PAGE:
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Editor's Correspondence |

Do Findings of High Mortality From Pneumonia in the Elderly Make It the Old Man's Friend?—Reply

Renzo Rozzini, MD; Tony Sabatini, MD; Marco Trabucchi, MD
Arch Intern Med. 2004;164(2):225. doi:10.1001/archinte.164.2.225-b.
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In reply

We are grateful to van der Steen and colleagues for their observations on the important topic of pneumonia treatment in the elderly. As a contribution to the discussion, we would like to summarize the data obtained in our setting and to propose some comments on this matter.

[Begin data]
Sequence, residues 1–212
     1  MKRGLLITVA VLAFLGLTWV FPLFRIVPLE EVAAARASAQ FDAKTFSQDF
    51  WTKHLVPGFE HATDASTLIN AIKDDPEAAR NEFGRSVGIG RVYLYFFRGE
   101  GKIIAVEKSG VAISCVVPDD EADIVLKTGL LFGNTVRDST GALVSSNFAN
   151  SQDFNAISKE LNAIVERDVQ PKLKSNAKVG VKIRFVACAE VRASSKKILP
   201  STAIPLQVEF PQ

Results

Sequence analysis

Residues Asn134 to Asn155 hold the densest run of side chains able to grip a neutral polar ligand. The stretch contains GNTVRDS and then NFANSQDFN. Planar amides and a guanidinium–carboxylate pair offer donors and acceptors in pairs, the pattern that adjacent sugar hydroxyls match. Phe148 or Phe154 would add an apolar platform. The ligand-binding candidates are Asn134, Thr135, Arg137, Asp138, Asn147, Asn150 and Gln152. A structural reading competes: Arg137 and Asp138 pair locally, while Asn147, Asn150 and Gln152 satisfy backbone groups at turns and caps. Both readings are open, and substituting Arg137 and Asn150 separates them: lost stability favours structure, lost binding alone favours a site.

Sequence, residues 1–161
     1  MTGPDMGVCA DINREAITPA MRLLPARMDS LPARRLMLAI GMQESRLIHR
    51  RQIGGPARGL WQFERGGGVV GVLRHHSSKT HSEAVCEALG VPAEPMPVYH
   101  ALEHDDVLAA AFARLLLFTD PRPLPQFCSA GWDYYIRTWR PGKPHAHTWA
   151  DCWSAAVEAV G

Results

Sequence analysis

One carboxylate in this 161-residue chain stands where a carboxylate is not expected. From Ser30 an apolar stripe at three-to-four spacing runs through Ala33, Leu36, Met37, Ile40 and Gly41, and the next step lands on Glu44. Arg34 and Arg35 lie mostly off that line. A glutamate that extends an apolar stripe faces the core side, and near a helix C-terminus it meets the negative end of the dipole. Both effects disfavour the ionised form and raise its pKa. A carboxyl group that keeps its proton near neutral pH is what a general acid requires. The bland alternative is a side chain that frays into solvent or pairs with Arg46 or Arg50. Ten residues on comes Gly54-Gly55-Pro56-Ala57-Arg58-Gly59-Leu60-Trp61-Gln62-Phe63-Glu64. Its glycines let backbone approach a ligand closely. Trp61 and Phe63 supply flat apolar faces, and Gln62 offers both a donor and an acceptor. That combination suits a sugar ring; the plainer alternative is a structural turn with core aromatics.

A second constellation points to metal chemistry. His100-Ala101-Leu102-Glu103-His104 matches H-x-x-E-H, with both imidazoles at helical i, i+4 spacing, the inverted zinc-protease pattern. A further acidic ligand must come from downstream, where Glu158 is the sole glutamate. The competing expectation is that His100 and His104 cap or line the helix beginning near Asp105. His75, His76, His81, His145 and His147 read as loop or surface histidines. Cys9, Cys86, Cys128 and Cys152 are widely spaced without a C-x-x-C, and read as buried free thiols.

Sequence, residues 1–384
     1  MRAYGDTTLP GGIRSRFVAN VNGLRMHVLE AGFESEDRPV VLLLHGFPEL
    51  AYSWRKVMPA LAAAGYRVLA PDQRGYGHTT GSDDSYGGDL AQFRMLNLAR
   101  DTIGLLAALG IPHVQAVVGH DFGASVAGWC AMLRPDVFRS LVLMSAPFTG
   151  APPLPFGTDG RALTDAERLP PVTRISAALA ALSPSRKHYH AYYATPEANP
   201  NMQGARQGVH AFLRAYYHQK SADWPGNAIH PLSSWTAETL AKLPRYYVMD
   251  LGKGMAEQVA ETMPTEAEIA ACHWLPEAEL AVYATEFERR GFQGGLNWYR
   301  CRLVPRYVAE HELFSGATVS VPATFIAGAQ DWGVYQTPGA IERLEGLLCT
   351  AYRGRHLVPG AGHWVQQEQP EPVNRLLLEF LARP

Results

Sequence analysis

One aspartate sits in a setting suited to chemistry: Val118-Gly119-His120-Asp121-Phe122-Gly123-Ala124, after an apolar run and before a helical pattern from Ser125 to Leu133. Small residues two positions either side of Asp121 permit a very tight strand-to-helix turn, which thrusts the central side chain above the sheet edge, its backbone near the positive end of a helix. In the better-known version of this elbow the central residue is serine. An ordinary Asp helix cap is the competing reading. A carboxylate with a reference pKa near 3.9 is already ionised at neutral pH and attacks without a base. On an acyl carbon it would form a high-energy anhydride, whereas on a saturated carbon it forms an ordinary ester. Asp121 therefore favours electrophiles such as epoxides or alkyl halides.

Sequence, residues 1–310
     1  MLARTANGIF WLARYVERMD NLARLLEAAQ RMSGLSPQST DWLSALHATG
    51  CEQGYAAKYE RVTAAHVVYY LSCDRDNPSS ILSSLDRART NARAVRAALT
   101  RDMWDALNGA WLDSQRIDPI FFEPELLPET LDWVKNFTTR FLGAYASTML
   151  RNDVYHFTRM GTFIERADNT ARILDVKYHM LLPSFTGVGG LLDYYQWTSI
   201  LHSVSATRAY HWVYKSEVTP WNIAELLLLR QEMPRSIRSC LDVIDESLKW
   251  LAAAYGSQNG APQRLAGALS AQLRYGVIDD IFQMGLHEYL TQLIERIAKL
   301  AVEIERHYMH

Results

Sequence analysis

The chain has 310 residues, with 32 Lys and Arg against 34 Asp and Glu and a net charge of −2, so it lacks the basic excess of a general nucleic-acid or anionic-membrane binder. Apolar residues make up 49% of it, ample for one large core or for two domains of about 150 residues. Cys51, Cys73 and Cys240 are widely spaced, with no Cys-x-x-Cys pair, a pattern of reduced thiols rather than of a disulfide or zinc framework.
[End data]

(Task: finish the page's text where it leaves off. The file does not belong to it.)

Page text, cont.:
• As reported in our recent article in the ARCHIVES,1 elderly patients hospitalized with pneumonia have a higher 6-month mortality rate compared with those affected by other noninfectious diseases;

  • Patients with pneumonia have a higher burden of somatic, biological, and psychological conditions;

  • While different conditions are associated with 6-month mortality, in adjusted analysis the association between pneumonia and 6-month mortality loses its statistical significance;

  • In end-stage demented patients affected by pneumonia, the 6-month mortality rate is dramatically increased, even if a sizable percentage (20%) remain alive.2

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